For computed tomography (CT) imaging, it is important that the imaging protocols be optimized so that the scan is performed at the lowest dose that yields diagnostic images in order to minimize patients’ exposure to ionizing radiation. To accomplish this, it is important to verify that image quality of the acquired scan is sufficient for the diagnostic task at hand. Since the image quality strongly depends on both the characteristics of the patient as well as the imager, both of which are highly variable, using simplistic parameters like noise to determine the quality threshold is challenging. In this work, we apply deep learning using convolutional neural network (CNN) to predict whether CT scans meet the minimal image quality threshold for diagnosis. The dataset consists of 74 cases of high resolution axial CT scans acquired for the diagnosis of interstitial lung disease. The quality of the images is rated by a radiologist. While the number of cases is relatively small for deep learning tasks, each case consists of more than 200 slices, comprising a total of 21,257 images. The deep learning involves fine-tuning of a pre-trained VGG19 network, which results in an accuracy of 0.76 (95% CI: 0.748 – 0.773) and an AUC of 0.78 (SE: 0.01). While the number of total images is relatively large, the result is still significantly limited by the small number of cases. Despite the limitation, this work demonstrates the potential for using deep learning to characterize the diagnostic quality of CT scans.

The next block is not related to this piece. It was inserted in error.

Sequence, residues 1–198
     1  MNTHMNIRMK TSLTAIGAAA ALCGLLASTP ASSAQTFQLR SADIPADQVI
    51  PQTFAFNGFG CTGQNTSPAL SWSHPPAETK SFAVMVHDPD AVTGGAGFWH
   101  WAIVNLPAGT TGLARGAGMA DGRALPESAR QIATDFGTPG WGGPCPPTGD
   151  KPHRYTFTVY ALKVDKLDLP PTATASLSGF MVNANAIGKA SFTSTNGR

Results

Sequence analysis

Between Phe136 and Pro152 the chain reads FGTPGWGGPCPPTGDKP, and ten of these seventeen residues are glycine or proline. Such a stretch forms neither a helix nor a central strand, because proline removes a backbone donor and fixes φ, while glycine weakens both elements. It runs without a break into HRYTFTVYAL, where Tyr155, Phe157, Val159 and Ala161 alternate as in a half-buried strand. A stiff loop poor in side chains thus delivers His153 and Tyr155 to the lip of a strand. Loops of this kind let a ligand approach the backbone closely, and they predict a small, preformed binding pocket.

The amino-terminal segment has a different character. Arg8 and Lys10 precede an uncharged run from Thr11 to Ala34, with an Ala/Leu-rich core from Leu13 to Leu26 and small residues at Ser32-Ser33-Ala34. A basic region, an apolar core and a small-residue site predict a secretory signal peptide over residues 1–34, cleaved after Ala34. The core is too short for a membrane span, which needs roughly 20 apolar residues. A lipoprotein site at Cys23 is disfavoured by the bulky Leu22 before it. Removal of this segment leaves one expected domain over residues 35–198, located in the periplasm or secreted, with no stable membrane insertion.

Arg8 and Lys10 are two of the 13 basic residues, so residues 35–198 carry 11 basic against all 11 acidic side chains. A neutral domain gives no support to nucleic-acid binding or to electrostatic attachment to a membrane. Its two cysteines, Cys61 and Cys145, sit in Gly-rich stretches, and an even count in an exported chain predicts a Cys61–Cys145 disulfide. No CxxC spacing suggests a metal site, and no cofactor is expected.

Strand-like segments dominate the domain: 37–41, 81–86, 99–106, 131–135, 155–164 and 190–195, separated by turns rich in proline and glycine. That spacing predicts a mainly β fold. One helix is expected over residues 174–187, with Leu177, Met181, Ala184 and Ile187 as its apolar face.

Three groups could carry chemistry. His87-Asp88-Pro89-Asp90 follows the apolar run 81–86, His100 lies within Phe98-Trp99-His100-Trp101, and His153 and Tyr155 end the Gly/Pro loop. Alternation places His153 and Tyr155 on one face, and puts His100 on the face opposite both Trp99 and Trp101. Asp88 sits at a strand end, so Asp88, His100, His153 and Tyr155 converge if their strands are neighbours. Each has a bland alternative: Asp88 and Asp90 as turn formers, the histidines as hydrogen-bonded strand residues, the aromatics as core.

We evaluated the potential of deep learning in the assessment of breast cancer risk using convolutional neural networks (CNNs) fine-tuned on full-field digital mammographic (FFDM) images. This study included 456 clinical FFDM cases from two high-risk datasets: BRCA1/2 gene-mutation carriers (53 cases) and unilateral cancer patients (75 cases), and a low-risk dataset as the control group (328 cases). All FFDM images (12-bit quantization and 100 micron pixel) were acquired with a GE Senographe 2000D system and were retrospectively collected under an IRB-approved, HIPAA-compliant protocol. Regions of interest of 256x256 pixels were selected from the central breast region behind the nipple in the craniocaudal projection. VGG19 pre-trained on the ImageNet dataset was used to classify the images either as high-risk or as low-risk subjects. The last fully-connected layer of pre-trained VGG19 was fine-tuned on FFDM images for breast cancer risk assessment. Performance was evaluated using the area under the receiver operating characteristic (ROC) curve (AUC) in the task of distinguishing between high-risk and low-risk subjects. AUC values of 0.84 (SE=0.05) and 0.72 (SE=0.06) were obtained in the task of distinguishing between the BRCA1/2 gene-mutation carriers and low-risk women and between unilateral cancer patients and low-risk women, respectively. Deep learning with CNNs appears to be able to extract parenchymal characteristics directly from FFDMs which are relevant to the task of distinguishing between cancer risk populations, and therefore has potential to aid clinicians in assessing mammographic parenchymal patterns for cancer risk assessment.